It is by no means a new phenomenon, but it seems there are more and more “big wheels” running about my area. Some are very over-the-top (Sunkist or Crown Royal color schemes, anyone?) and others, like these, are more subtle.
But even those as subtle as the two you’ll see here today are still pretty noticeable when they sit nearly a foot higher than the original factory issue.
I spotted this Caprice Classic hardtop sedan during the last month or two. After I noticed it sitting at a local garage, I made a mental note to get some pictures.
Caddys excepted, big GMs from 1971-76 are not seen very frequently either on local roads or at shows, so naturally I was drawn to this one, modifications aside.
I do have a question for folks who modify cars this way: Wouldn’t all the extra unsprung weight from the wheels make handling worse? The higher center of gravity would make these soft-sprung beasts a lot more tippy, too. You’d also need to modify the speedometer cable in order to get accurate MPH and odometer readings.
I did appreciate how the fender skirts were retained despite the addition of those giant alloy wheels. It would have been so easy just to chuck them!
As I’m sure most of you know, 1976 was the swan song for the Big Bs. Smaller, tighter-handling and more space-efficient Caprices and Impalas were on the horizon, and this was your last chance for a really big one.
The 1971-76 Bs and Cs were not as solid as their 1967-70 predecessors, and lots of cheap plastic trim was found inside. Even so, in my opinion they still had an undeniable presence. The 1976 looks even better, with its eggcrate grille and new-for-’76 quad rectangular headlights.
While I am not a fan of twenty-inch wheels, I have to tip my hat to the owner of this car for keeping it stock otherwise. The red Custom Cloth interior, side moldings, trim and vinyl top were all quite nice. You can still see the nice lines Bill Mitchell & Co. intended, and the maroon-over-white color scheme is quite sharp.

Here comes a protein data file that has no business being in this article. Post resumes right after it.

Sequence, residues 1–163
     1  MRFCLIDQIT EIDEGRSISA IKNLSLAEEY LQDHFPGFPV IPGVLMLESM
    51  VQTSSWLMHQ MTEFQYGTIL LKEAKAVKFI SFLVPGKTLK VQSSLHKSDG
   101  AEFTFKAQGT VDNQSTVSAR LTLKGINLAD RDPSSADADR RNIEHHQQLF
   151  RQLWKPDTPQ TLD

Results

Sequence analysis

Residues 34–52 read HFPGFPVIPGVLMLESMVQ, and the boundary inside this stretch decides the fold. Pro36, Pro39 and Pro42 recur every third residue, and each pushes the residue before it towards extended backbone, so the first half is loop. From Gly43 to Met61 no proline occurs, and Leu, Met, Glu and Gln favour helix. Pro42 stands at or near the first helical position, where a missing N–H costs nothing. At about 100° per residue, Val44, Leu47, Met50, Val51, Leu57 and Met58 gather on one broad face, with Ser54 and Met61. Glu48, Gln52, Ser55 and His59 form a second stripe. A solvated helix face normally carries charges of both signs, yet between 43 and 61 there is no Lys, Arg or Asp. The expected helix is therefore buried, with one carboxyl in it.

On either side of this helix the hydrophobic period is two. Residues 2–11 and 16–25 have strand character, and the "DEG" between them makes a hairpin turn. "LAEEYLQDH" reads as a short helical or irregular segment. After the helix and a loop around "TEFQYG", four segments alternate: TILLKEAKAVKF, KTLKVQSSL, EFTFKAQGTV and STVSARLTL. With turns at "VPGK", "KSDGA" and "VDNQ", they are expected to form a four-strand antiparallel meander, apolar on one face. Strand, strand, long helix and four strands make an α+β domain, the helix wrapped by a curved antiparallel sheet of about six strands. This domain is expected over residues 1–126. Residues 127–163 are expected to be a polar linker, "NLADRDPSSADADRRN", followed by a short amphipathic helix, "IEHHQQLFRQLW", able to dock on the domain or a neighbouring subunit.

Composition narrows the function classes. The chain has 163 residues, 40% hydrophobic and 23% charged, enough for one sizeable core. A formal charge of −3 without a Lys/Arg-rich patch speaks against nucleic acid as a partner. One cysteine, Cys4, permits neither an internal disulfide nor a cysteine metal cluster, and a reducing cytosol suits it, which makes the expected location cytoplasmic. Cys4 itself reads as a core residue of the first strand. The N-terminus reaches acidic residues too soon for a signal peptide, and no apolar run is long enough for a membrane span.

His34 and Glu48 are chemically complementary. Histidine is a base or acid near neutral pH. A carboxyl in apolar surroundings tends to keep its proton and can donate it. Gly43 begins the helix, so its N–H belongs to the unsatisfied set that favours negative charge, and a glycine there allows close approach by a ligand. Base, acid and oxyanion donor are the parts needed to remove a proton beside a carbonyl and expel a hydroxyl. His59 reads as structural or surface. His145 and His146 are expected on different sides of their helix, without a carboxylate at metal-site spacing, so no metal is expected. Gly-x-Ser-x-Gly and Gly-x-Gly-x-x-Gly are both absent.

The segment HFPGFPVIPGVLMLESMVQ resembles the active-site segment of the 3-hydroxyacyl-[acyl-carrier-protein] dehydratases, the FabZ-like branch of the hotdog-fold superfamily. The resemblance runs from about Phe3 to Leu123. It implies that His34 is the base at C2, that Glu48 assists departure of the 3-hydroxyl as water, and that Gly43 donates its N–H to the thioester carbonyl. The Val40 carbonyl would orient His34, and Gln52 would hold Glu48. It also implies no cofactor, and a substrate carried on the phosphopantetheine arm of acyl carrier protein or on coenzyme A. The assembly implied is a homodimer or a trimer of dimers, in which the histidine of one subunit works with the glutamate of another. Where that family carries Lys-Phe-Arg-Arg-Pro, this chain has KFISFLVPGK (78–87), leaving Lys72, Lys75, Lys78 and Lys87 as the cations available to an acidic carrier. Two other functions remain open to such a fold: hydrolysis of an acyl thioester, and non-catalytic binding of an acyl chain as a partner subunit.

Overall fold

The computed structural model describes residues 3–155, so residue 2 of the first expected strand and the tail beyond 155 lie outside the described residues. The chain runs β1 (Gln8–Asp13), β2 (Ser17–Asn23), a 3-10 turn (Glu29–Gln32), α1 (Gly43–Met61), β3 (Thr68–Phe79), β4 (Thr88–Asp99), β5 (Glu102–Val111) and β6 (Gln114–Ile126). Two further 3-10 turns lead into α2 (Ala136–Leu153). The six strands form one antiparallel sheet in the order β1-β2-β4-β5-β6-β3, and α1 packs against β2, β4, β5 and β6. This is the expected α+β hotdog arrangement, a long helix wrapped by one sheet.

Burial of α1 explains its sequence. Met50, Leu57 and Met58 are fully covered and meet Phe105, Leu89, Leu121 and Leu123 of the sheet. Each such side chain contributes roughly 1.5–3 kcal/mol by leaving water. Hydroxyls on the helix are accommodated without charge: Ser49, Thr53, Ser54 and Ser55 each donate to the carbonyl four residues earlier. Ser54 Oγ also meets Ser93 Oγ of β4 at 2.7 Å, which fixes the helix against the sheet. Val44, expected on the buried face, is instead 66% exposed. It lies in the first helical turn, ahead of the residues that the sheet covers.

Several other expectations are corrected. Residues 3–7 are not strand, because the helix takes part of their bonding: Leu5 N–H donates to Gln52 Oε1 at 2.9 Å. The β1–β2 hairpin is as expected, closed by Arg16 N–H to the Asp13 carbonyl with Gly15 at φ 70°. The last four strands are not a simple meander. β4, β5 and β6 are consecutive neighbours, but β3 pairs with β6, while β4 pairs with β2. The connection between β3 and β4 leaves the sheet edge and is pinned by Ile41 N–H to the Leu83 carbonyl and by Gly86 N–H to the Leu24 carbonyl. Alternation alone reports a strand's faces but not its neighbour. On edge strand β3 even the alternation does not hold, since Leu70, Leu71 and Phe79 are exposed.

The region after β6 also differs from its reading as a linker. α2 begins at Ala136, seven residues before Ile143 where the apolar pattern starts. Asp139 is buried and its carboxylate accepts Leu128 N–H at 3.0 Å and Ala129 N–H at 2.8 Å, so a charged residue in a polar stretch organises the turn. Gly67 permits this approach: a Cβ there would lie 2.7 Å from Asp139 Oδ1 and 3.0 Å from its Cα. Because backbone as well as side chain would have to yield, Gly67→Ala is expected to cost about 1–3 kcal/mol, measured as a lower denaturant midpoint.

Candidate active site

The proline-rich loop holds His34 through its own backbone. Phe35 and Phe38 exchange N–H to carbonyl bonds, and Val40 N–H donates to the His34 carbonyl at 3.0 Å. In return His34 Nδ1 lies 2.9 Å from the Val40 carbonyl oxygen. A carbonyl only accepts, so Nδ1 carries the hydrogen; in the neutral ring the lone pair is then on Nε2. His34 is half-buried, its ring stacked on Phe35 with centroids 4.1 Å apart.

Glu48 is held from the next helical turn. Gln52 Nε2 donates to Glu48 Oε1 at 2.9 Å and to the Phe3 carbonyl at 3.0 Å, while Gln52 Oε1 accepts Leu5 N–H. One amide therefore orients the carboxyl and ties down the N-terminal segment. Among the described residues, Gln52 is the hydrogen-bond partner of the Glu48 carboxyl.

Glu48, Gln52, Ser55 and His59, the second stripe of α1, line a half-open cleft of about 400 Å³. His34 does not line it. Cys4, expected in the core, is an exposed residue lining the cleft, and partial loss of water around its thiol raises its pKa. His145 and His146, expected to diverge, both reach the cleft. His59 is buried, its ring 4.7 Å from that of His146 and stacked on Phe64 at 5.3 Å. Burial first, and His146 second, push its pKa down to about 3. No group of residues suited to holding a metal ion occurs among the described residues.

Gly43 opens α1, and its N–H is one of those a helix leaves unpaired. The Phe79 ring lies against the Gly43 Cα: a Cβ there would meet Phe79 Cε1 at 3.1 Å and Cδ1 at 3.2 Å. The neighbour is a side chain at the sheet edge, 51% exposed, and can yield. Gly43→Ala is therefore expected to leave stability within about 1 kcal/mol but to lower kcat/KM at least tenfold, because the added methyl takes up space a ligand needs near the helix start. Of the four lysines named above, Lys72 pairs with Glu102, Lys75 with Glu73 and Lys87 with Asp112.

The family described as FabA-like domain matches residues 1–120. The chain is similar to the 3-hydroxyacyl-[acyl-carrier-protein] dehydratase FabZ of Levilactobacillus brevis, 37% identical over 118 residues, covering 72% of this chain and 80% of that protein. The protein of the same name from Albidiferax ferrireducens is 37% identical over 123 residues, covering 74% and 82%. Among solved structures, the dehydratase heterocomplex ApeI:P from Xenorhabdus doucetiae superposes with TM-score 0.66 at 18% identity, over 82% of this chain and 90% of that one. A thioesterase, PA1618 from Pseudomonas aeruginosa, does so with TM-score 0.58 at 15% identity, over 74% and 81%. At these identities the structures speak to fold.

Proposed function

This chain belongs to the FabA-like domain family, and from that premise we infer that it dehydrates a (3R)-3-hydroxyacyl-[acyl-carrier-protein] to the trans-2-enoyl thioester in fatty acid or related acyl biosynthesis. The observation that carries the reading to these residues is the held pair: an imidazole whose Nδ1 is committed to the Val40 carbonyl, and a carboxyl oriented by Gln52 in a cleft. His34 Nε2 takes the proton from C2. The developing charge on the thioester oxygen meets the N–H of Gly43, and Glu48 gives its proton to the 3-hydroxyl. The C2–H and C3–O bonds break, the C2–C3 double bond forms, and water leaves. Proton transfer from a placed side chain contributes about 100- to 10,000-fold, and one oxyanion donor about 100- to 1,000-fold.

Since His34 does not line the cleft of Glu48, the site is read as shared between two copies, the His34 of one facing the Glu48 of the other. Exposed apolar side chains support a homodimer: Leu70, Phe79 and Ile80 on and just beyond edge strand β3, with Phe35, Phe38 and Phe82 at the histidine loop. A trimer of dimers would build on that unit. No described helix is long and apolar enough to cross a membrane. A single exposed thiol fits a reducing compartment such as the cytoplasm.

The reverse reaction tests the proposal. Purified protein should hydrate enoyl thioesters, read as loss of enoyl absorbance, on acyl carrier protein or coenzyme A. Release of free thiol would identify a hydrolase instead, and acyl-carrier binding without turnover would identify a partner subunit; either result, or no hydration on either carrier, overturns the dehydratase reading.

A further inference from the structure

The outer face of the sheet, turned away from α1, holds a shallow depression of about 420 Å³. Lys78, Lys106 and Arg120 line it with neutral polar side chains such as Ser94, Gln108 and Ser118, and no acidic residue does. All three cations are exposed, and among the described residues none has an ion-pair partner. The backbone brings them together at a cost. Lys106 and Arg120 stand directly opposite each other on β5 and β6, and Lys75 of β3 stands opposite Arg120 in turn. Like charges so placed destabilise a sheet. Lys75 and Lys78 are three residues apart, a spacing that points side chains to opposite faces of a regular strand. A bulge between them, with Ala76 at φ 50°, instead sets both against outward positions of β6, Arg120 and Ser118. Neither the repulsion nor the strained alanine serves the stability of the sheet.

But that’s not all, folks–last summer, I saw its close relative in the supermarket parking lot. Just like the Caprice, it was in quite nice original condition, save for hi-rider wheels and tires. I believe this one is painted Firethorn Red, one of my favorite ’70s GM colors.
The interior trim identifies it as a Landau, although no landau top was in evidence. This one is pretty basic inside, too, having only a non-split bench seat. No swivel buckets, floor shift or console on this one. But at least it has a red interior!
About a dozen years ago, I remember seeing a mint red ’77 Monte like this one at most of the local shows. It had factory Rally wheels and whitewalls, and was very sharp. I can’t help but wonder if this is the same car. It certainly could be.
In any case, whoever owns these cars is certainly taking good care of them. Both were rust-free, with all the factory-installed trim, side moldings, and a nice paint job to boot. Other than upgraded stereos, the interiors were just as nice.
Now, while I prefer my Seventies Chebbies in nice, original stock form–whitewalls and all–I do have to give a nod to the owners of these cars. If not for their interest in customizing them, this pair might have been recycled into cat-food cans long ago. Saving a CC from doom and keeping it on the road is always a good thing; the roads would be so dull with nothing but silver Accords and white Tahoes!